10th April 2018
The New Zealand Treasury has begun preparing a non-financially-focused ‘Wellbeing Budget’ for the country, according to a news release that has had some readers double-checking to make sure the information wasn’t released on April Fool’s Day, and that the primary source wasn’t The Onion or a similar satirical site. The news is indeed real, however – and moreover, it may be a welcome development for the country, depending on the implementation.
“Life is about more than money,” wrote the New Zealand Treasury in its recent annual Investment Statement. In fact, as far back as 2011, Treasury drafted an economic policy paper that blended the natural world, human living quality and the health of the society as a whole into a more holistic document. The framework has been developed further in recent years, with financial matters still being included in relation to these other variables.
It is certainly true that such efforts represent an innovation by the historically conservative Treasury, but they are not entirely unique in the world. In 1972, the king of Bhutan declared that “Gross National Happiness is more important than Gross Domestic Product,” introducing an index to measure progress. The country was able to achieve significant results towards this end, by formalising a system to weigh these non-economic attributes when deciding on policy aims.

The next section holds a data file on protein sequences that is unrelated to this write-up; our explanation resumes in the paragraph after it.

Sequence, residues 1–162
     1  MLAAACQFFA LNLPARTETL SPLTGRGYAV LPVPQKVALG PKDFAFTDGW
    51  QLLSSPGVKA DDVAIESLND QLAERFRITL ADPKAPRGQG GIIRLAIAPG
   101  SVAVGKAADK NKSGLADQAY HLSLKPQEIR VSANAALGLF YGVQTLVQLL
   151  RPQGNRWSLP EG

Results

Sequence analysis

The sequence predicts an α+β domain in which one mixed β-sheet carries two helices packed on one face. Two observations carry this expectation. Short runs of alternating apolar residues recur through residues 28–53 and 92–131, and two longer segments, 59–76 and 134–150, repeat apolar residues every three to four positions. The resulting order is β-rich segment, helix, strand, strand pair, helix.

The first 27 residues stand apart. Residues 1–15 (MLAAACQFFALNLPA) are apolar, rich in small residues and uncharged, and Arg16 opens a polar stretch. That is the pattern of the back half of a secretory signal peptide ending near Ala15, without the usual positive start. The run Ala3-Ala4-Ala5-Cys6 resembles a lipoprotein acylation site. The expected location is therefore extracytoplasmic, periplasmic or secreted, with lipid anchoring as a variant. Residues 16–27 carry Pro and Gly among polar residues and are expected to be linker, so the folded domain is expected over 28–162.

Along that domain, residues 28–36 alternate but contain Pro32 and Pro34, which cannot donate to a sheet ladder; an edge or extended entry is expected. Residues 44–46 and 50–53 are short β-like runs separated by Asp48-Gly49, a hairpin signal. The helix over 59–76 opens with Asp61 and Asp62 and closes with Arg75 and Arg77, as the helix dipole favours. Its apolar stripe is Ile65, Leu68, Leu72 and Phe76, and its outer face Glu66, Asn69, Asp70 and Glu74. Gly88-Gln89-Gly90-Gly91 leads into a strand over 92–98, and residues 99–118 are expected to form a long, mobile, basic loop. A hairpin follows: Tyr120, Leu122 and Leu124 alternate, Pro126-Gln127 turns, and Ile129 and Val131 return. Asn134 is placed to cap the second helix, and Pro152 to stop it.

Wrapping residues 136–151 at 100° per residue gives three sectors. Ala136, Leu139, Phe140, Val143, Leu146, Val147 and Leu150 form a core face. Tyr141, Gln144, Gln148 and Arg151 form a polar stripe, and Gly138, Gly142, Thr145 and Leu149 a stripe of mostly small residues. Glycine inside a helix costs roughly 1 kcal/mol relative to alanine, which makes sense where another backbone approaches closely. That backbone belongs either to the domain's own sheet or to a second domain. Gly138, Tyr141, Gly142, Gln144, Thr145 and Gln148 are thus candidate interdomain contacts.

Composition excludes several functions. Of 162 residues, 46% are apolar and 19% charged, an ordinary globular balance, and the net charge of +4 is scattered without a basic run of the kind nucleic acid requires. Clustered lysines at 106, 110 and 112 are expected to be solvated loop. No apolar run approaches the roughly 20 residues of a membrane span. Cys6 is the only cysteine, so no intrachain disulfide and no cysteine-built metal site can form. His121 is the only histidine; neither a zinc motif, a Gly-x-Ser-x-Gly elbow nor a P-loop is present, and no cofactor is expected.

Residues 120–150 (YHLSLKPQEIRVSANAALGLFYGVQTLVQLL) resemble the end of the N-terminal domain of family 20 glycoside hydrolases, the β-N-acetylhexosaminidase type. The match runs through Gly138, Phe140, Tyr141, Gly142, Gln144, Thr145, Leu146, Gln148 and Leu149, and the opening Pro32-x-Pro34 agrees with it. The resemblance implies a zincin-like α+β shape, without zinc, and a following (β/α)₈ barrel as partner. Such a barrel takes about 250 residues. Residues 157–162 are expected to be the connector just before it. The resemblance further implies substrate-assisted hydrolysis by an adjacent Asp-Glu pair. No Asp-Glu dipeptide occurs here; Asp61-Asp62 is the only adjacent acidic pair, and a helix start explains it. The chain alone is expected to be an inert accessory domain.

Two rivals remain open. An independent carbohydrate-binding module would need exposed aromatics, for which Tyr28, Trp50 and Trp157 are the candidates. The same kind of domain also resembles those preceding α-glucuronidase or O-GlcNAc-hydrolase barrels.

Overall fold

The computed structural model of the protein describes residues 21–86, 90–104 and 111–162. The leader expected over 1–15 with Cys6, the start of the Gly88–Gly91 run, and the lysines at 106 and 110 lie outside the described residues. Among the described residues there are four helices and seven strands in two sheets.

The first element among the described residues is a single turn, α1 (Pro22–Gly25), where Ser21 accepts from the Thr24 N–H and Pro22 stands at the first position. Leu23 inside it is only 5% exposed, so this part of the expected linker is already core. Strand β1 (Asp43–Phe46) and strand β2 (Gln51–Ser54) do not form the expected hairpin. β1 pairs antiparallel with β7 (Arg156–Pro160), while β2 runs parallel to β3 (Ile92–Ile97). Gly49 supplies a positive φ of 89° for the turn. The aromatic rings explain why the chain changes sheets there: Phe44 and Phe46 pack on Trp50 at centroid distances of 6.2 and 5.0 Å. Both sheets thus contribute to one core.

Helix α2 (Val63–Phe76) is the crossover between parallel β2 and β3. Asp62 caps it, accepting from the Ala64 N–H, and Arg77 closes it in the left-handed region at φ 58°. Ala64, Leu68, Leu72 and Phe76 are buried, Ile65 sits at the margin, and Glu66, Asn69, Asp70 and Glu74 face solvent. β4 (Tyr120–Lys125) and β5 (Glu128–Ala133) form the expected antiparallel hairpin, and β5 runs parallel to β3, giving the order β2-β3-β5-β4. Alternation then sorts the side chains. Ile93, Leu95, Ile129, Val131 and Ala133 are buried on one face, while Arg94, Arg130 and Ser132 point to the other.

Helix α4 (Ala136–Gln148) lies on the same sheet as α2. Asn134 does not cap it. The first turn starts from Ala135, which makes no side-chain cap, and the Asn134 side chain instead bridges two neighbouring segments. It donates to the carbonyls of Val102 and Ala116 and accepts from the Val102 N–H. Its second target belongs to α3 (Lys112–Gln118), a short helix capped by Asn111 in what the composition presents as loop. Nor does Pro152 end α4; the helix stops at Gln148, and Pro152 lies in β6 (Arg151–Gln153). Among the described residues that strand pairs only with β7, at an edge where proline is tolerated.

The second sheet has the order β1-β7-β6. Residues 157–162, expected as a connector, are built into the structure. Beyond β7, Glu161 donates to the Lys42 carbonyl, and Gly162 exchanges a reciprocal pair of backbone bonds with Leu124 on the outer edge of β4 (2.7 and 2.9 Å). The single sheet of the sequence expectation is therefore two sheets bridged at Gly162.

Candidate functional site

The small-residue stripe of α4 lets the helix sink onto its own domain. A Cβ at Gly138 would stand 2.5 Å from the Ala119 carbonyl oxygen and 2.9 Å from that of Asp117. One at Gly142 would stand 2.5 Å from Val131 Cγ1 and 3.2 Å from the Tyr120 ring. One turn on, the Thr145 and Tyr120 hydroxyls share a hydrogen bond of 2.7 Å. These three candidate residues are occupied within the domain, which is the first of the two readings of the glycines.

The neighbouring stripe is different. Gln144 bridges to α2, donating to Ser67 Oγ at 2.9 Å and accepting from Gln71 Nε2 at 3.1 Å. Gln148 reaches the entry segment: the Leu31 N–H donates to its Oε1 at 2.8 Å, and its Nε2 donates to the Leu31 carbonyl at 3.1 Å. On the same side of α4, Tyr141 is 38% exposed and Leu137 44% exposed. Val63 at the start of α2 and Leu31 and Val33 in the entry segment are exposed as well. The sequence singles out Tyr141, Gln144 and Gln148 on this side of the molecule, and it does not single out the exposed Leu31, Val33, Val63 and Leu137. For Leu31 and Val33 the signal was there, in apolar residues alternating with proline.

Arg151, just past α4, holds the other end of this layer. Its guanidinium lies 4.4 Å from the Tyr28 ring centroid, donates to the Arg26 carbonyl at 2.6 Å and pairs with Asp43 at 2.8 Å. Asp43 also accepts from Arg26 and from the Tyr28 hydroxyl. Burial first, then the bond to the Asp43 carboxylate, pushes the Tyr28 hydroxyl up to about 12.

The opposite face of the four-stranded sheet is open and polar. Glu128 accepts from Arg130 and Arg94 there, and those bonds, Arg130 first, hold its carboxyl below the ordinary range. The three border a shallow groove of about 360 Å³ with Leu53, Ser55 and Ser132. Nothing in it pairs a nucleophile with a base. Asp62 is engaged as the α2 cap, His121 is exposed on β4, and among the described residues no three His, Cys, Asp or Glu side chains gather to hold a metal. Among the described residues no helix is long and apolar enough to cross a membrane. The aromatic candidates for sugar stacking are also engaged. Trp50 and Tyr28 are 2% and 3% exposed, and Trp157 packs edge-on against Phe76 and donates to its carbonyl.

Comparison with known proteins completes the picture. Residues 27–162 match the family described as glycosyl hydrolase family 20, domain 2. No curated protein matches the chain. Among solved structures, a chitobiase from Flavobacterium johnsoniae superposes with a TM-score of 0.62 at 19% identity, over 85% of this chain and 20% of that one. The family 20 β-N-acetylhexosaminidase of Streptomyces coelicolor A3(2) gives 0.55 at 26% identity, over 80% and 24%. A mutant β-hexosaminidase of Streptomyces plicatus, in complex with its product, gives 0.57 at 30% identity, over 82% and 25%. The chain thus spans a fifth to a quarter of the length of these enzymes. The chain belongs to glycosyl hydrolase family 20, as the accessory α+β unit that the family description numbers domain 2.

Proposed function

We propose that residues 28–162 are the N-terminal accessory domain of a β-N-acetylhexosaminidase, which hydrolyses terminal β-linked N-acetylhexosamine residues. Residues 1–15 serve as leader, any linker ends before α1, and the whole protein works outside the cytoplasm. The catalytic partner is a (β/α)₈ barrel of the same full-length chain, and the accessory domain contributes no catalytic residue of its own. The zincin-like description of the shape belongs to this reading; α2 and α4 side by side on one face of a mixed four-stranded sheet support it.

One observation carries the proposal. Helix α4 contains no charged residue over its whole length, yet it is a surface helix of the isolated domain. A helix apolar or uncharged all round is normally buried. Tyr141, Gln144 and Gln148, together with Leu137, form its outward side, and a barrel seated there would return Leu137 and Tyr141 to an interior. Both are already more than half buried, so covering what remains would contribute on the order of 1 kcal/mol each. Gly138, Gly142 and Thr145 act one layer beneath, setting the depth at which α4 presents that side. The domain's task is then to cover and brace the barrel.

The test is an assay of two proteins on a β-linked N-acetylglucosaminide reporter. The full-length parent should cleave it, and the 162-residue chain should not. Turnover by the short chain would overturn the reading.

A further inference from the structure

Bhutan, however, continues to suffer from widespread poverty, and it is unlikely New Zealand will find that tradeoff appealing. Still, it is similarly hard to argue for a system that seeks economic growth at all costs, including through the sacrifice of the environment, human welfare and the social system. The New Zealand Treasury has set itself the task of finding the right balance between these often competing interests. And there is no way of finding the right balance, it says, if it does not include these other measurements in its policy deliberations.
Natural capital and human capital, as Treasury refers to them, are fairly easy to quantify. Plenty of natural and environmental statistics are already produced by independent bodies, and factoring them into policy analysis is simply a matter of proper weighting. Education, general knowledge and professional skills have also traditionally been given much attention by other institutions; Treasury’s move simply integrates them into financial analysis and prescription.
Social capital is less straightforward as a wellbeing variable, as its Treasury definition – social cohesion, trust in institutions, and cultural capital – seems more difficult to accurately measure. Still, there are surveys, crime statistics and other data sources that can point to general trends within this domain.
There is a case to be made that Treasury’s readjustment of focus is well within its proper function. It is fair to say that monetary decisions should be made with the tradeoffs in plain view. There is, indeed, more to life than GDP. Furthermore, Treasury’s strength and experience are in interpreting trends and statistics through a maze of data, which will be the very skill-set called into action here.
Still, some are unconvinced that Treasury’s new formula will find the right balance. The new analysis will measure four different sectors, and therefore must incorporate a much greater data set in which mistakes may be more commonly made. Nevertheless, it is an interesting experiment – and much of the world will be watching to see how it turns out.